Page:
Filmed footage of iconic works like 3 Children (1988), Lao Jiu (1993) and Geisha (2006), where Eastern and Western cultures met in dialogue, will be displayed on a plethora of flat-screen televisions and wall projections. TheatreWorks has entertained Singapore (Private Parts 1992), has negotiated local censorship boundaries (The Lady Of Soul And The S Machine 1993) and has challenged accepted social mores (Mergers And Accusations 1993). The company ambivalently provided a mirror to Singaporeans about castration (Descendants Of The Admiral Eunuch 1995) and about their attitude to Indian foreign workers (Workhorse Afloat 1997).

Endlessly hungry for fresh experiences, TheatreWorks played with time and space creating 48-hour festivals such as Insomnia48 at The Arts House in 2004.  The company pioneered new sites of performance such as the Suntec City Fountain (audiences wore raincoats to brave the floods of water in Destinies Of Flowers In The Mirror 1997), a Chinatown shophouse (The Yang Family 1996) and an underground bunker used by the besieged British forces in World War 2 (Longing 1994). Fort Canning Park has never looked back since Broken Birds (1995), a documentary performance about the Japanese ladies of the night or karayuki-sans, not only has it become the site for ballets, concerts, screenings, Shakespeare; the karayuki-sans were finally acknowledged with a place in the history of Singapore in the National Museum. Perhaps for this reason alone, it was necessary to perform their narratives, a recognition that Singapore was also the home to these foreign workers who died far away from their birthplace. Moving beyond local obsessions, this production provided evidence that Singapore was global long before.

However unknown to many, TheatreWorks is probably the most widely studied Singapore theatre company in international universities through its intercultural Asian productions. Productions such as Lear (1997) are still actively discussed, critiqued and emulated.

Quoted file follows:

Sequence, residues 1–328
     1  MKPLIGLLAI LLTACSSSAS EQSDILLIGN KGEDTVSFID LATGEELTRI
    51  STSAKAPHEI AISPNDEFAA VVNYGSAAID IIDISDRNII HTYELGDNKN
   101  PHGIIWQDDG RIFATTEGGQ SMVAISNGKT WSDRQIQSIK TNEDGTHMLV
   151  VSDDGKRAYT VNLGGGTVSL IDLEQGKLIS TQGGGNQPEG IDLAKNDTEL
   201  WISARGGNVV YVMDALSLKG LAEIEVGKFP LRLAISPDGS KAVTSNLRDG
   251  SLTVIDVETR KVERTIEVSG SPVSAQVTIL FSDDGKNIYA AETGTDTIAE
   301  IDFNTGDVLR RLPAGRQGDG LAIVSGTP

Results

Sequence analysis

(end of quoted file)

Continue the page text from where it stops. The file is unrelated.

TheatreWorks was the first company to collaborate extensively with Asian artists from 1991 — it started the Asian contemporary wave which revolutionised the presentation of international works in Singapore, making popular "New Asia" as a branding.

Emphasis for the Opening Exhibition has also been put into the productions that Singapore audiences have never seen before from the home-grown company that put Singapore on the international art map in diverse performance festivals from New York City to Paris to Istanbul. Material such as the company’s helming of the In-Transit festival created by Ong Keng Sen in Berlin 2002; Search Hamlet (2002) created site-specifically for the famous Kronburg castle, the "original" Hamlet castle in Denmark; the recent Vivien And The Shadows (2008) about acts of copying, in this case copying Vivien Leigh in the film "The Streetcar Named Desire".

The Opening Exhibition draws primarily from the 1990s, being that the 1980s often had inadequate video documentation and that the last ten years are still recent memory. Rather than nostalgia, Ong talks about the necessity of cultivating a sense of history about the company’s artistic journey in the last 25 years. There is a sense of urgency, not so much to preserve but to pave the way for future generations of artists.

Photography Exhibition

Showcasing over 36 productions,
In 3 weeks,
From 1 theatre company.

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Thursday, 15 – Saturday, 17 April 2010
Fanshen (1985)
Not Afraid To Remember (1986)
The Dance And The Railroad (1990)
Madame Mao Memories (1991)
Fried Rice Paradise (1991)
Alter Art (1991)
Lest The Demons Get To Me (1992)
Theatre Carnival On The Hill (1992)
Mergers And Accusations (1993)
PIE (1999)
Balance (2003)
Lim Tzay Chuen (2003)
Ma: Moment (2004)

Thursday, 22 – Saturday, 24 April 2010
"TIME CAPSULE to be opened 2035"
To My Heart With Smiles (1989)
Retrospective Of Singapore Playwriting (1990)
Ozone (1991)